Cerebral Palsy and Sleep

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Cerebral palsy is the most common mobility disorder in children, affecting anywhere from 1.5 to more than 4 children per 1,000 live births, according to the Centers for Disease Control and Prevention (CDC). The condition affects a person’s ability to move and maintain balance and posture. But it can also adversely impact their sleep. 

 There are three types of cerebral palsy:

  • Spastic cerebal palsy: Characterized by jerky movements, muscle tightness, and joint stiffness. Most children with CP (77.4%) have spastic cerebral palsy. 
  • Dyskinetic (athetoid) cerebral palsy: Characterized by involuntary or uncontrollable muscle movements, such as repetitive motions or twisting, slow movements, or unpredictable dance-like movements. About 10% to 15% of children with CP have athetoid cerebral palsy. 
  • Ataxic cerebral palsy: This type of CP mainly affects balance rather than muscle movements and includes symptoms such as unsteady walking, shaky movements, balance problems, lack of depth perception, trouble with fine motor skills, and difficulty controlling  voluntary hand and arm movements. It is the least diagnosed type of CP, affecting about 6% of children.  

Children with any form of cerebral palsy can experience sleep problems due to many factors, “but a large reason for the difficulty has to do with the involuntary muscle spasms they are confronted with that can cause pain, postural issues, and involuntary teeth grinding,” says Brook Sheehan, doctor of chiropractic at Cardiff Health and Wellness in California. Dr. Sheehan is not only a physician, she also has cerebral palsy. “So I have a great understanding of sleep problems both as an individual and a physician.”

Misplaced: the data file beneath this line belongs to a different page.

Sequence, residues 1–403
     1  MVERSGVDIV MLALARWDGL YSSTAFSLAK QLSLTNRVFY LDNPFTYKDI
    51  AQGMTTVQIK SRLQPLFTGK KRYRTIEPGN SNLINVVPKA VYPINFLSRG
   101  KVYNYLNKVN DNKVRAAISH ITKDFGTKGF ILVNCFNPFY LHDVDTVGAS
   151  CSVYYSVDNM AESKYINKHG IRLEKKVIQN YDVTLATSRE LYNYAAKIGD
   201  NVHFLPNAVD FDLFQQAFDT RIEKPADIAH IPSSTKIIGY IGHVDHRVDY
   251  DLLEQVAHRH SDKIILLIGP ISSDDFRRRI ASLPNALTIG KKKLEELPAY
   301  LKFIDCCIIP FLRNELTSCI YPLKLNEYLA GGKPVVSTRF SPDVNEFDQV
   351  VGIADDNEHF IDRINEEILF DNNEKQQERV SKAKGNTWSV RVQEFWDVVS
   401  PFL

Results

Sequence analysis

According to a review published in the journal Children, between 23% and 46% of children with cerebral palsy have sleep problems — significantly more than children without the disorder. “This is concerning given that sleep is foundational to wellbeing and healthy neurophysiologic functioning, learning and memory,” the authors wrote.

Common Sleep Challenges for Children with CP

  • Drooling: Excessive salivation is a common problem in children with cerebral palsy due to swallowing abnormalities, difficulty moving saliva to the back of the throat, poor mouth closure, jaw instability, tongue thrusting, lack of head control, lack of sensation around the mouth, breathing through the mouth, and other issues. Drooling can interfere with sleep if secretions pool into the back of the throat and cause coughing or choking. 
  • Gastroesophageal Reflux Disorder (GERD): GERD is a digestive disease that occurs when stomach acid is regurgitated into the esophagus. It is a common problem among children with cerebral palsy, making swallowing difficult and causing pain such as a burning sensation in the chest or soreness in the throat. Symptoms of GERD can worsen when you are lying down, which can interfere with sleep.  
  • Respiratory issues: Children with cerebral palsy, especially those with motor dysfunction, are at greater risk of having breathing complications such as aspiration, pneumonia, bronchiolitis, respiratory distress syndrome, and sleep apnea, a sleep disorder that occurs when breathing temporarily stops during sleep.
  • Pain: Pain is one of the most common problems experienced by children and adults with cerebral palsy, which not only affects their quality of life, but also their sleep. CP-associated pain is caused by muscle spasms, spasticity or dystonia, abnormal posture, osteoporosis, scoliosis, GERD, procedures to treat their condition, dental pain, and even pressure sores from prolonged sitting in a wheelchair.